How Long Can I Wait to Have My Rotator Cuff Repaired?
While the outcomes of rotator cuff repair are very good, recovery from the procedure can be a substantial burden and require significant planning whether it is arranging around important events or work. Because of this, patients often ask “How soon do I need to have this done?” The answer to this question is about the influence of time on outcome. In general, I tell patients that if they are having their rotator cuff repair they should have it done within 6 months. Two recent studies reflect this timeline.1. In a 2017 issue of American Journal of Sports Medicine, Chen et al. examined rotator cuff repair outcomes in patients who also had stiffness.
- Outcomes in patients with symptoms for less than 6 months were compared to those with stiffness/symptoms for more than 6 months.
- While both groups improved, the group with symptoms less than 6 months had a better overall outcome with higher functional scores (ASES 91 vs. 82) and improved range of motion.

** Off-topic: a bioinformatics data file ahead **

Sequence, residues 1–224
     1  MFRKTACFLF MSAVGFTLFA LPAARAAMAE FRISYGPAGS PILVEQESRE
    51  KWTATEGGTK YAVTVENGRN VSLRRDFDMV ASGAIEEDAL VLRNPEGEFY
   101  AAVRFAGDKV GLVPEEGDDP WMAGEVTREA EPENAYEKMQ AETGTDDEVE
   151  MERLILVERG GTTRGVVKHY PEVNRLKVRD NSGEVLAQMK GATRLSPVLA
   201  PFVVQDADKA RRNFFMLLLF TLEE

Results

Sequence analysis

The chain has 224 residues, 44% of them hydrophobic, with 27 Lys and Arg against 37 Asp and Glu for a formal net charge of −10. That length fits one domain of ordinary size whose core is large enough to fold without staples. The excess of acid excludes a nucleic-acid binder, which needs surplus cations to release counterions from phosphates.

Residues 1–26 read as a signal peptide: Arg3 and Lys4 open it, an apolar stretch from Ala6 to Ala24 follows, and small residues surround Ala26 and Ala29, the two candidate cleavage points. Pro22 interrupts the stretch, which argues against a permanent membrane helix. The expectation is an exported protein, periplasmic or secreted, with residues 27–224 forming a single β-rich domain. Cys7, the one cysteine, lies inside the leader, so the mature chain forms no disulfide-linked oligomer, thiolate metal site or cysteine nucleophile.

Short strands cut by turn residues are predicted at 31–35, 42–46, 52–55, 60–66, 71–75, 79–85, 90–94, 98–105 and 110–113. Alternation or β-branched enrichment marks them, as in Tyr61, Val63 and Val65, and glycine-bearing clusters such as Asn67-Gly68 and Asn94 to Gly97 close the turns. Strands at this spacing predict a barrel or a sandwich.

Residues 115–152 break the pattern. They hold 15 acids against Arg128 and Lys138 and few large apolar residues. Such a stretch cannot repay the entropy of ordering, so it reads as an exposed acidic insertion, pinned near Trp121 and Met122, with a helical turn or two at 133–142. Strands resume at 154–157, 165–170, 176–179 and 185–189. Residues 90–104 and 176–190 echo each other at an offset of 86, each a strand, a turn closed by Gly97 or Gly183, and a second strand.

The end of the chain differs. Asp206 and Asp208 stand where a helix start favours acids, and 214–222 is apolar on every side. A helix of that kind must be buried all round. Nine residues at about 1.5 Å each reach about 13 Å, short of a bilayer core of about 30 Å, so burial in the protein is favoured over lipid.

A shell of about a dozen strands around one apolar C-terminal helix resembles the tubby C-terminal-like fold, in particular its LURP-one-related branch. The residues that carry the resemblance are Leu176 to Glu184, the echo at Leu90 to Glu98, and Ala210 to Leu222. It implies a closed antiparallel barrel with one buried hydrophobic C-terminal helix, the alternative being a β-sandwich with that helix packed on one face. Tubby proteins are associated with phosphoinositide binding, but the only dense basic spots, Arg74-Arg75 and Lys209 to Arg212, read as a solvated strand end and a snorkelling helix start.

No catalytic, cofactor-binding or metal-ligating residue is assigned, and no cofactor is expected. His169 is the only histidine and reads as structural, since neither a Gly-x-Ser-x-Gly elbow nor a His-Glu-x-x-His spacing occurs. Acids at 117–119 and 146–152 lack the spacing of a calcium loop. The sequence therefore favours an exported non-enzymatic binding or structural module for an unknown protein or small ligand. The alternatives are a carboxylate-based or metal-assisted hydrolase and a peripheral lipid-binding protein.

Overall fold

- These findings demonstrate that it is better to proceed with rotator cuff repair within 6 months despite stiffness than delay with months of physical therapy prior. With delay, there is often progression in tear size and a decreased biologic potential for healing.
2. Another 2017 article in the American Journal of Sports Medicine evaluated risk factors for tear progression.
- 174 patients were followed for an average of 19 months
- Nearly 50% of the patients had progression of the tear within this time period
- Factors associated with progression included a medium-sized tear, a full-thickness tear, and smoking. Given that tear size is one of the most important factors in healing following rotator cuff repair, I believe it is important to prevent tear progression, particularly in young patients who have a substantial chance to progress by virtue of their remaining years.
The bottom line is that based on these studies, 6 months appears to a reasonable timeline within which to repair the rotator cuff and optimize one’s outcome. When delayed, there is often progression in tear size and a decreased biologic potential for healing.